When I lived in New York City one of my favorite weekend activities was hitting whatever street market was happening around the city. Many Saturdays were spent strolling past stalls, buying and enjoying a variety of bites, and taking in the wares of vendors. After a few they become redundant, the same vendors popping up on different blocks and by the end of summer market-fatigue had set in. I had forgotten how much I love street food and the energy of markets until this trip to Korea and Japan. One of my favorite memories of our time in Korea is when we went to Kwangjang market and seat-hopped stall to stall eating foods I never dared eat before. We were wrapping up a day of site-seeing in Kyoto when Anthony mentioned there was a food market nearby. We didn’t realize the food, wares and history Nishiki Market held and how enthralled we would be by the colors and energy. Vacation serendipity.
The Gion District was established in the early 1600s to accommodate the needs of travelers visiting Yasaka Shrine. It evolved to become one of the most exclusive and well-known geisha districts in all of Japan.
Hanami-koji is a wide street bordered on both sides by traditional teahouses called ochaya. On the corner sits Ichiriki Chaya, easily spotted by its vibrant orange walls. Ichiriki Chaya is over 300 years old and is known as one of the most high-end establishments in Gion, offering geisha entertainment to powerful business and political figures – but strictly by invitation only. This teahouse is as famous for its history as its exclusivity. During the 19th century, revolutionary samurai warriors would meet here to plot the downfall of the shogun’s government.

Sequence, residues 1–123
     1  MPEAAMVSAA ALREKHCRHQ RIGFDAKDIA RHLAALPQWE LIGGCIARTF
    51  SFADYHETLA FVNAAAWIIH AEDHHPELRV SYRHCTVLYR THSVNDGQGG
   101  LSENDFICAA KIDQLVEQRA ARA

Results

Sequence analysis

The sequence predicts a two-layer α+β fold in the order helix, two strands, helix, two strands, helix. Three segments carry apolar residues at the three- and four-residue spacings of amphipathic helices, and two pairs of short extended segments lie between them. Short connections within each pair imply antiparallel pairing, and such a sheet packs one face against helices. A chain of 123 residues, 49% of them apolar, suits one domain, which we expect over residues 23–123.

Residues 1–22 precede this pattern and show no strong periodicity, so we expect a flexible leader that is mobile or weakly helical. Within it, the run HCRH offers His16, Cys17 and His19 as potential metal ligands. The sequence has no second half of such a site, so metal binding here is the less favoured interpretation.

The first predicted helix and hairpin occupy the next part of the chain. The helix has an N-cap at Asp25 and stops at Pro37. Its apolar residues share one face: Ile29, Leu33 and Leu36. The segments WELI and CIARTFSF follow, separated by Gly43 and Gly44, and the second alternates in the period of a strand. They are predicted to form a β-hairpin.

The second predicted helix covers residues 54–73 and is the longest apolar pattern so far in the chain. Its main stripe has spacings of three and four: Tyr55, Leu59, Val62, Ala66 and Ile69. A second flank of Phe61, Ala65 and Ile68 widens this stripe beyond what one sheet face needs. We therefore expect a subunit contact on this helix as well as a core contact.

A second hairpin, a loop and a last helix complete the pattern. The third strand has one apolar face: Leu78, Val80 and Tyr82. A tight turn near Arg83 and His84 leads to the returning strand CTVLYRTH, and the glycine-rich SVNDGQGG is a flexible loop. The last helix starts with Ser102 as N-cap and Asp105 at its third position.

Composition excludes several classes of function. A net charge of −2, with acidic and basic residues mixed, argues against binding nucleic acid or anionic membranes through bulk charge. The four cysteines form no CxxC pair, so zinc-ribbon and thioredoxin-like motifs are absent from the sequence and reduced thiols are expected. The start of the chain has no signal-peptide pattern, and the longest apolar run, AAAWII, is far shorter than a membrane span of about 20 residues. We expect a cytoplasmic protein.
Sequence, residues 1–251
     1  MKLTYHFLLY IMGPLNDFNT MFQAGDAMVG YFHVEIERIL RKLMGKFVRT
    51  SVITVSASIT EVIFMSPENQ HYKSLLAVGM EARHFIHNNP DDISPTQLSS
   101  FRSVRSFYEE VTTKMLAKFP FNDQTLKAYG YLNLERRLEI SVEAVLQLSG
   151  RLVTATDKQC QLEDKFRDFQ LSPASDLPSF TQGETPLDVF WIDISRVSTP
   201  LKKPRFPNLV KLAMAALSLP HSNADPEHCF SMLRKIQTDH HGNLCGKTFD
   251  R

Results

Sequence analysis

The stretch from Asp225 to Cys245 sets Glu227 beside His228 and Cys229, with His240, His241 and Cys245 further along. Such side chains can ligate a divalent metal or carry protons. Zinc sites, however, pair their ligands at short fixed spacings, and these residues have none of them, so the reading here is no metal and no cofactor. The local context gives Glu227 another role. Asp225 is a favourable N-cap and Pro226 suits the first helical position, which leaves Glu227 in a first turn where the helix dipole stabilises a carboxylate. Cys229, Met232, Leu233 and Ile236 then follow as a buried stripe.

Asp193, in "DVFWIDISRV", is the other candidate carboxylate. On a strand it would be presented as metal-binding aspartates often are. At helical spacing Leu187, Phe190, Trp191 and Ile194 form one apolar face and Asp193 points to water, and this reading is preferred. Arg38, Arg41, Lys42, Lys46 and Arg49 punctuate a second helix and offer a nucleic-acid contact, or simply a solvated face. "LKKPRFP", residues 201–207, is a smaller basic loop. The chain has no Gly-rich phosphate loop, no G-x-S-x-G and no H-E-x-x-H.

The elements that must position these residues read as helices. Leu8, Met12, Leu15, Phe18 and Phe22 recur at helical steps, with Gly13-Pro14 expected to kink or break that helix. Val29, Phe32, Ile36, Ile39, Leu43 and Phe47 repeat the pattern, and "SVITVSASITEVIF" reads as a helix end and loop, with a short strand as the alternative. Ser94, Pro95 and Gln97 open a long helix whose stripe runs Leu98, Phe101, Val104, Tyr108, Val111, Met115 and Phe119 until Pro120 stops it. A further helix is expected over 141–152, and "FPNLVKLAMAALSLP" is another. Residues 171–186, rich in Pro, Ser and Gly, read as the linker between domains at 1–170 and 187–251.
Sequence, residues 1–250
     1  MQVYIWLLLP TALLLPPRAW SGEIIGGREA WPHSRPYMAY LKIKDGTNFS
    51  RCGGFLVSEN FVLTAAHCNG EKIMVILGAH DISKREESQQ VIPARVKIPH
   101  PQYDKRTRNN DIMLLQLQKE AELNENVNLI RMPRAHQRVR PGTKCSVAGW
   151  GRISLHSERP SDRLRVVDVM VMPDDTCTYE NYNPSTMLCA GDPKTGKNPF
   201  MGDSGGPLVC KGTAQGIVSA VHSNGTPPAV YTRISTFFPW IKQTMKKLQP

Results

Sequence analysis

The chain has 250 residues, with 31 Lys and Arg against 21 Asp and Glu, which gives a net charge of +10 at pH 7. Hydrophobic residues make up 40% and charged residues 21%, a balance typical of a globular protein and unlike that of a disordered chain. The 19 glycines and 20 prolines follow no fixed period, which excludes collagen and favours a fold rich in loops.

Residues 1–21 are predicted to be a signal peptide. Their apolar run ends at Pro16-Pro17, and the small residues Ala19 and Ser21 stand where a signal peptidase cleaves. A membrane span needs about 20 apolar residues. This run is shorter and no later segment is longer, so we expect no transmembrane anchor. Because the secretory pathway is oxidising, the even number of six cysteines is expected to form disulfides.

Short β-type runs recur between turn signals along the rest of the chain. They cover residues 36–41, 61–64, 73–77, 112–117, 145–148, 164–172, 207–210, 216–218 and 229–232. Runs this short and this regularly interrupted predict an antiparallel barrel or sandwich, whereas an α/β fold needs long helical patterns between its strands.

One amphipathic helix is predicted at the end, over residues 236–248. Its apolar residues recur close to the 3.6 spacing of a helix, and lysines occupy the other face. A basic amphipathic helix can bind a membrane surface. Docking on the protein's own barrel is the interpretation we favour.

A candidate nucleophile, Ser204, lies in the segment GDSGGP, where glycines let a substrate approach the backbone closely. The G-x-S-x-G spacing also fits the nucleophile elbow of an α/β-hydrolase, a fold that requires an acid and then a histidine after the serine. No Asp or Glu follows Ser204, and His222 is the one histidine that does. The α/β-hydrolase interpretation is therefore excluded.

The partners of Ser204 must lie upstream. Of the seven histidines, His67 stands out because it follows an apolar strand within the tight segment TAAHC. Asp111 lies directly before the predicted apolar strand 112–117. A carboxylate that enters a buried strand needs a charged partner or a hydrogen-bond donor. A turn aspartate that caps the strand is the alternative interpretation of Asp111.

Before I knew the name I knew of the gates. The thousands of vermilion torii gates, their imagery used in films and photos. Those gates belong to Fushimi Inari Shrine. One of the oldest and most important of shrines dedicated to Inari, the Shinto god of rice, Fushimi Inari has ancient origins dating back to 711. The torii gates line trails that lead into the wooded forest of the sacred Mount Inari which stands 233 meters above sea level.
At the foot of Mount Fuji, Hakone is a town of 13,500, known for its hot springs and is a National Geopark. The town embraces its culture, history and craftsmanship balancing charm and authenticity with modernity.
From the bustle of 9.3 million in Tokyo to 13,500 in Hakone. We trade asphalt for green, apartment for ryokan. We travel from Tokyo to Hakone on The Romancecar, an Odakyu limited express train, which meanders through the countryside at 200 mph giving you scenery and efficiency.
“Arise from sleep, old cat,
And with great yawns and stretchings…
Amble out for love”
Akihabara, known for its electronic shops, has gained recognition as the center of Japan’s otaku (diehard fan) culture with many shops devoted to anime and manga. The crowds reminded me of Times Square and the selection of anime was equally overwhelming to Lucas as were the number of young men crowded around every console, figure, cashier stand.
Legend says in the year 628 two brothers fished a statue of Kannon, the goddess of mercy, from the Sumida River. And although they tried to return the statue back to the river the statue always returned to them. So they built a temple, Sensoji, for the goddess of Kannon. Completed in 645 it is Tokyo’s oldest temple.